The Bible Code Has Foretold Every Major Event in History. . . Now the Very Latest Quantum Science Suggests That There Really Is a Hand Controlling All Our Destinies; FINAL DAY: HOW ADVANCED MATHEMATICS MAY SUPPORT THE REALITY OF A CODE FOUND WITHIN THE BIBLE
Byline: DR JEFFREY SATINOVER
THE future of the universe and of mankind is the great imponderable that has enthralled scientists and religious thinkers for centuries. For many, the universe, and our lives within it, has simply been seen as a mystery, something over which we have no control. Those perceptions were changed for ever when the Daily Mail first revealed that mankind's future was encoded in the Bible, with every major event and figure in 3,000 years of world history predicted. In the first two parts of this challenging series, we revealed how academics cracked the Bible Code and how other professors tried to resist it.
Today, in the final part of the series, we explain how quantum mathematics provides evidence that our destinies are not a matter of chance and random events: everything is preordained.
EVER since the scientific revolution, the world has looked more and more like a giant machine.
Steven Weinberg, winner of the 1979 Nobel Prize in Physics, said it all when he remarked: 'The more the universe seems comprehensible, the more it seems pointless.' The Bible Code, though, suggests that there may be an exit from this spiritual wasteland.
Surprisingly, it is one of the most ancient and hallowed claims of the Torah, the first five books of the Old Testament that form the core of Judaism, that there is hope: namely, that it is the 'instruction manual' from mankind's Creator and guide.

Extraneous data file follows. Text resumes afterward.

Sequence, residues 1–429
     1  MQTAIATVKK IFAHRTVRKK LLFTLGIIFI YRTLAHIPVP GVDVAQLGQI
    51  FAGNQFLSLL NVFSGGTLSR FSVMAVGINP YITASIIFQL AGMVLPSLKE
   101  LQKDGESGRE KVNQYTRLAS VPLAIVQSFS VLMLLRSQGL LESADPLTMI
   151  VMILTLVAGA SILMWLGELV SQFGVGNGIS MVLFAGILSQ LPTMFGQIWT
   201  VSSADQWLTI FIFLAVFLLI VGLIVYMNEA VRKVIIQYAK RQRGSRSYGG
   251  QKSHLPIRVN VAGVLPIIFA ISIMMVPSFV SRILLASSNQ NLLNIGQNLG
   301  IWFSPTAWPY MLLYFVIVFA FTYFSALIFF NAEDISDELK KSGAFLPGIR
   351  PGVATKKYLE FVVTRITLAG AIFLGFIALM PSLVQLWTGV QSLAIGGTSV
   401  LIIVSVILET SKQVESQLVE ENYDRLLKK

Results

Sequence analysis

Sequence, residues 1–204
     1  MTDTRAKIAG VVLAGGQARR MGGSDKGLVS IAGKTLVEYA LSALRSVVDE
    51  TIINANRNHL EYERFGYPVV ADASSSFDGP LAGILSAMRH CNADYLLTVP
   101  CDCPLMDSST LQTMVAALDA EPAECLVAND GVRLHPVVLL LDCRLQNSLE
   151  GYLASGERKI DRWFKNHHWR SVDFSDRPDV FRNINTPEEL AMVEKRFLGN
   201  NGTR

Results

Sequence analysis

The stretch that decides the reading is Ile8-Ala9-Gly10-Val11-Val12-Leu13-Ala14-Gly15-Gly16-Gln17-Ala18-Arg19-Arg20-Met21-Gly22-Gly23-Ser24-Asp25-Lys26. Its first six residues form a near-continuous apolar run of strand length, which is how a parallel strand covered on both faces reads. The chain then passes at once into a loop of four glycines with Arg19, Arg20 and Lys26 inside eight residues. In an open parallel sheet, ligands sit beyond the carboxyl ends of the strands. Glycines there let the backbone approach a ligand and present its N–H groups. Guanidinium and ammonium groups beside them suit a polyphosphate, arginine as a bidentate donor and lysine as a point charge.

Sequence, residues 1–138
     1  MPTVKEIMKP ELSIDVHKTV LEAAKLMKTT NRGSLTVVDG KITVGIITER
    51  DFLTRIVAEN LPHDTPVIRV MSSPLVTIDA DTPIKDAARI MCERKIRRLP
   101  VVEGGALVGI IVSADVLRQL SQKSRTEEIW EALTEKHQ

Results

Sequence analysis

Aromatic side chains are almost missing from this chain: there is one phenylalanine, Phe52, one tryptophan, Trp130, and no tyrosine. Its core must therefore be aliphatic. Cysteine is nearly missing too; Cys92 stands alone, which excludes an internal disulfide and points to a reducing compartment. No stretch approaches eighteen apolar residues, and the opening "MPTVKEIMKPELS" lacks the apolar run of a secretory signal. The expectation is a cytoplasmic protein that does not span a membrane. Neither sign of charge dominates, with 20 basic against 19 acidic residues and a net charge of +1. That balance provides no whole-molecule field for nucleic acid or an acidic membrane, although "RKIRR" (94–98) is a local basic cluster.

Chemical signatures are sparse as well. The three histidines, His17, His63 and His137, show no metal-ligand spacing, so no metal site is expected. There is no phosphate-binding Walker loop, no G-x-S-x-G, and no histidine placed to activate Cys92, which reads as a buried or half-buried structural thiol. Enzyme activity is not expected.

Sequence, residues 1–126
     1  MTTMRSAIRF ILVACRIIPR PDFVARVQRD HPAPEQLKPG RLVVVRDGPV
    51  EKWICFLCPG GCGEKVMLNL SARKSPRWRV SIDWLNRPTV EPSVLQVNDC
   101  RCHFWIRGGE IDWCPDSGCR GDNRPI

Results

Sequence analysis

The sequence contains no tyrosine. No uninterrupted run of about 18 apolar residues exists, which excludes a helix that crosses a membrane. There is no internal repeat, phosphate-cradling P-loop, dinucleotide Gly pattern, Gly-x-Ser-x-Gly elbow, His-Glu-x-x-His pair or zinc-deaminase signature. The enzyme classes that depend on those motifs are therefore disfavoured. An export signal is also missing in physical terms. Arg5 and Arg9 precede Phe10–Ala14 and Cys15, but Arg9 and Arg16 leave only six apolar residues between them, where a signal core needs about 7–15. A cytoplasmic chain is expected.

But how could such an archaic proposition be as valid today as modern science? Here, too, the Bible Code itself may give us a hint.
For what the Code's own peculiar nature seems to imply about time and destiny turns out to be strikingly similar to what the most modern of sciences, quantum mechanics, has discovered as well.
Six years after Albert Einstein published his 1906 paper on the special theory of relativity, German physicist Max Planck conceived an extraordinary, almost laughable, idea.
Boiled down considerably, his thought was this: perhaps particles of matter - electrons jumped from place to place, as in science-fiction versions of 'telepor-tation'. To his surprise, this 'what if' proved to be correct.
But the implications of his discovery only revealed themselves slowly as physicists reluctantly began to grapple with quantum mechanics, the science Planck had created.
It became clear that, although the equations of quantum theory can be used to determine statistically what proportion of electrons will actually jump and where they'll distribute themselves on average, we can't say anything about whether a particular electron will, in fact, jump, or when, or where - because there is nothing in the physical universe which determines these outcomes.
In an attempt to avoid such irreducible mysteriousness, some serious physicists have proposed that alternate universes, one embodying each possible outcome, spring into existence at every single 'choice point'.
The number of such universes since the 'Big Bang', the projected birth of the universe, can hardly be imagined.
OTHERS have proposed that the world is filled with waves of 'active knowledge' that not only determine the outcomes in the same way a pilot steers an aircraft in accord with instructions from the control tower, but coordinates traffic instantaneously across the entire universe.
How atomic particles - the aircraft - have pilots, and the identity of the controller, not to mention the controller's qualifications, is left unstated.
The strange phenomenon of jumping particles is often called 'tunnelling', but that word doesn't accurately describe the phenomenon.
It is as though upon approach to an impassable mountain wall, cars simply reappeared on the far side, instantaneously, unpredictably, yet with amazing usefulness.
It is no wonder that quantum mechanics has irritated anyone who is convinced that the world is a machine and God an absentee caretaker at most. …